Design for Assistive Augmentation—Mind, Might and Magic

  • Ellen Yi-Luen DoEmail author
Part of the Cognitive Science and Technology book series (CSAT)


In this preface I argue that the Design for Assistive Augmentation should take 3M’s into consideration: Mind, to observe before acting, to be thoughtful, and open-minded; Might, to consider the capacity, and competency of people and the technology; and, Magic, to have technology wonderfully blended in everyday life activities. I discuss the idea of building computational tools as a way of working, the idea of Creating Unique Technology for Everyone, and the asipiration to create new types of physical and computational dumbbells to help people to build muscles, running shoes to help people run faster, and skis to enable people to have new kind of experience enabled by the tools and to augment human capabilities.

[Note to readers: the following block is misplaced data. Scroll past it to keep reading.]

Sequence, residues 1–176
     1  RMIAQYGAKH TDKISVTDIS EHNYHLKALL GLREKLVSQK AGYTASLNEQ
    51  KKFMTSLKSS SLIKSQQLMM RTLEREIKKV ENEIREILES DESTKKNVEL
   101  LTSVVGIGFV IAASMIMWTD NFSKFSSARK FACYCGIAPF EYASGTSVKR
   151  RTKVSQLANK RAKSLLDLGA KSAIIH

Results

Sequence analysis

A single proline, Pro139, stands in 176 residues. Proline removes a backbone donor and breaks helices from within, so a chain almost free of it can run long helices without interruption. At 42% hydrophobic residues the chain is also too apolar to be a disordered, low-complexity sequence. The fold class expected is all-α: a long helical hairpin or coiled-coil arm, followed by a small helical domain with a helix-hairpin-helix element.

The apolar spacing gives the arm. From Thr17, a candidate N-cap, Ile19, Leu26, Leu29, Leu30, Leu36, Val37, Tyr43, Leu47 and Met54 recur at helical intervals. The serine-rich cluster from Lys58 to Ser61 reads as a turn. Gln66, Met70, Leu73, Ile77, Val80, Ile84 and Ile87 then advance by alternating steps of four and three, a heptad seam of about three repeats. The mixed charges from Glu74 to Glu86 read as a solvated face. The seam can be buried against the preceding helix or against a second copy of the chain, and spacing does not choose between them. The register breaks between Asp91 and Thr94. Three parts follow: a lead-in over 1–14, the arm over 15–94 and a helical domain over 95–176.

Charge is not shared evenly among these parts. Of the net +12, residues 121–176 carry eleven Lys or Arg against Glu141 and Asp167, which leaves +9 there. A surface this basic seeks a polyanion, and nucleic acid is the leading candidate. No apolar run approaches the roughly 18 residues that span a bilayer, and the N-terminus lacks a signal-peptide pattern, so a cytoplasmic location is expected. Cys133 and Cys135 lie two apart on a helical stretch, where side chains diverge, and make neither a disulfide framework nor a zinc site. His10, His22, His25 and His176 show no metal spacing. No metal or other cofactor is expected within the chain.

This material is based upon research work supported by the US National Science Foundation under Grant SHB 1117665, DUE 0127579, IIS 96-19856, Emory ADRC/ACTSI Pilot Grant, Korea Institute for Advancement of Technology (KIAT)’s Global Industry-Academia Cooperation Program, Georgia Institute of Technology’s Health System Institute, Strategic Energy Initiative, and Center for Music Technology, Atlanta’s VA Center, Emory Center for Neurodegenerative Disease and Alzheimer’s Disease Center, Pennsylvania Infrastructure Technology Alliance (PITA), People’s Association (Singapore), and the National Research Foundation, Prime Minister’s Office, Singapore under its International Research Centre in Singapore Funding Initiative. Any opinions, findings, and conclusions or recommendations expressed in this material are those of the author and do not necessarily reflect the views of the funding agencies.


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Copyright information

© Springer Nature Singapore Pte Ltd. 2018

Authors and Affiliations

  1. 1.Keio-NUS CUTE CenterNational University of SingaporeSingaporeSingapore
  2. 2.ATLAS InstituteUniversity of Colorado BoulderBoulderUSA

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